How to break up in a pandemic, according to a couples therapist

Words by Isabelle Sacks

A double dose of grief.

Break-ups suck. Always have, always will. But if you’re breaking up during a pandemic, it’s especially painful.

Having been through my own pandemic-era Facetime breakup, I know just how tough it can be. I also know of many others who would have done well with any professional advice on how to navigate this messy territory with dignity and grace. So for the benefit of all currently leaving entanglements, I spoke to FJ’s go-to couples therapist, Natalie King

Some of her advice certainly would have been handy for me (I’ll keep it front of mind for the next pandemic).

Step one: Get your feelings sorted

Natalie’s biggest piece of advice is to slow down and take some time to self-reflect before you make any rash decisions.

“There’s definitely just a higher sense of frustration and anger in general, because of lockdown and because of the pandemic, and then that’s infiltrating into people’s relationships without them even meaning for it to,” Natalie says. “The lockdown has put a magnifying glass on any little niggle that was already coming up, and it’s just amplified.” Knowing that relationship distress is common under these extraordinary circumstances can help you reframe stressors as temporary issues that may abate, or help them at least feel more manageable as life returns to a semblance of normal. 

During this difficult time, it’s important to really ask yourself: is this being caused just by lockdown? Or is it that I’m feeling frustrated in the relationship? Natalie says that free journalling can be helpful in clarifying those thoughts. “It’s such a therapeutic thing to do, to write things down,” she says.

Natalie recommends giving yourself a bit of a buffer in which you make no big decisions about your relationship. “Try to take things one day at a time. Because everything’s so amplified and intensified, you don’t want to be making a purely reactive decision,” she says. This can help release a sense of urgency and further mitigate feelings of stress. 

Keep in mind, every situation is going to be different. “Sometimes you just know you need to break up with that person,” Natalie says. “If you feel like waiting is detrimental to your mental health, then you’ve got to make that call.” Of course, the same goes for relationships in which your safety is at risk, such as where there is a history of domestic abuse.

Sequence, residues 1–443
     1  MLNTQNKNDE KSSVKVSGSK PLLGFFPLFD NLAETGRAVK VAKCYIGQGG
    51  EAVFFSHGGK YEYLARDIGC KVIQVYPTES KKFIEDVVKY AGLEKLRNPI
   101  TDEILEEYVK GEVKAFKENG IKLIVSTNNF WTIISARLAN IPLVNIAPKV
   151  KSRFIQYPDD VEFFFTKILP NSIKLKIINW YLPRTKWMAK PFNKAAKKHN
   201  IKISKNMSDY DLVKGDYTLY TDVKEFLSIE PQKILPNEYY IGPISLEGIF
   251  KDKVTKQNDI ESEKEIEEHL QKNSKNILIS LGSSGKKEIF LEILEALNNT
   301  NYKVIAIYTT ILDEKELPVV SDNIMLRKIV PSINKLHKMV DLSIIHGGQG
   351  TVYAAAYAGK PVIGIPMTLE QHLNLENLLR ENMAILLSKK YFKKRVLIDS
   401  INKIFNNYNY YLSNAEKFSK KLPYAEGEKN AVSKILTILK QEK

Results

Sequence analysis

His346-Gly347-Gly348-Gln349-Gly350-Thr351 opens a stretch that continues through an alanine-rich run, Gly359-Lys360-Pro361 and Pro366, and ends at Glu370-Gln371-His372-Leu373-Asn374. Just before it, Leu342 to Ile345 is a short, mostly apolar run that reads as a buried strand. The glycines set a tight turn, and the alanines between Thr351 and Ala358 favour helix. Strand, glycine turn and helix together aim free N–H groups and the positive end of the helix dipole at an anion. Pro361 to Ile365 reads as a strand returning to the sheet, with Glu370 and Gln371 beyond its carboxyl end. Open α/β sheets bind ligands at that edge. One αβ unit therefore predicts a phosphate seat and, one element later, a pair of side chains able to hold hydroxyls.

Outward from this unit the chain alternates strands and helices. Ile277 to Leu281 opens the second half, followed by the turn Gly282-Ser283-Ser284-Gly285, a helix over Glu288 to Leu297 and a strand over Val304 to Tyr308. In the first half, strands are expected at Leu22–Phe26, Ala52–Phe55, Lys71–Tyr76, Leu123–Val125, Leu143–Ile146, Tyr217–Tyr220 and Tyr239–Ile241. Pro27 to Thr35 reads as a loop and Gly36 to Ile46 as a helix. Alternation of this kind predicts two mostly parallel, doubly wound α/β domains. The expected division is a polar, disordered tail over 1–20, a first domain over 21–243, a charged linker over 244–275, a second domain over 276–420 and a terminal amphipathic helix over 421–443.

Step two: Get face-to-face 

Even a pandemic doesn’t make a text-message split acceptable. So whether you’re quarantining under the same roof, or need set up a video call, it’s crucial to speak to your partner face-to-face.

Natalie stresses that even though a FaceTime or Zoom is not the ideal way to break up under normal circumstances, “if you have to do it via video call, that’s what you have to do right now – and that’s okay”. It’s also important to be gentle with ourselves about this fact. “It’s not that you’re doing it out of fear of not wanting to see that person,” Natalie says. “I think that, doing it over video call, it’s still saying to that person, ‘I respect you enough to show my face to you’.”

As Natalie sees it, the one upside of doing a socially-distant breakup is that at least there’s less risk of breakup sex.

Step three: Have a frank conversation 

If you’re living with your partner, a breakup would have been complicated regardless of the pandemic. But restrictions, safety concerns and financial issues can mean that couples may be forced to live together for months beyond their split.

Natalie recommends that you come up with a defined plan together, to navigate that period when you may be existing in the same space. As hard as that conversation might be, “if you don’t have the conversation, it’s just going to be a pretty hostile environment, which will probably do more damage to both of your mental health,” she says.

If you can’t safely relocate to a friend or family member’s home, create physical boundaries. For example, avoid sleeping in the same bed. Decide which space in your home belongs to who for the time being, and which spaces are communal. 

“Try to remember that while this certainly won’t be a fun period, it will be temporary,” Natalie says.

Step four: Start to heal

A lot of the ways we try to get over a relationship are unavailable to us right now. But just because you can’t go out drinking with your friends or easily nab a rebound, that doesn’t mean you’re destined for months of grief, even if you’re isolating alone. 

In many ways, the healing process might not look all that different from what you’ve been doing since the pandemic began – watching Netflix, snacking, napping, just overall Bridget Jones-ing. “If healing looks like watching three romcoms in a row and crying throughout them all, that’s just fine,” Natalie says.

It’s important to go slow and do what you can to be gentle with yourself. “Know that you’re going to have days where one will feel positive, and the next one might not feel so positive. And that’s okay. It’s a period where it’s going to be up and down, especially when there’s this added intensity,” Natalie says.

Natalie is a big proponent for a clean break. “I always like to of cut off numbers and block social media,” she says. She recommends creating boundaries and avoiding contact with your ex after the deed is done, and also suggests boxing up any physical triggers you may have around the house that remind you of the relationship.

If you can, reframe your breakup and treat it like a restart button. “Breakups can be an opportunity to rediscover yourself without having to consider someone else’s feelings. You get to reassess what you really want and what’s going to be good for you in your next relationship, because it will definitely be waiting there for you if that’s something that you want,” Natalie says.

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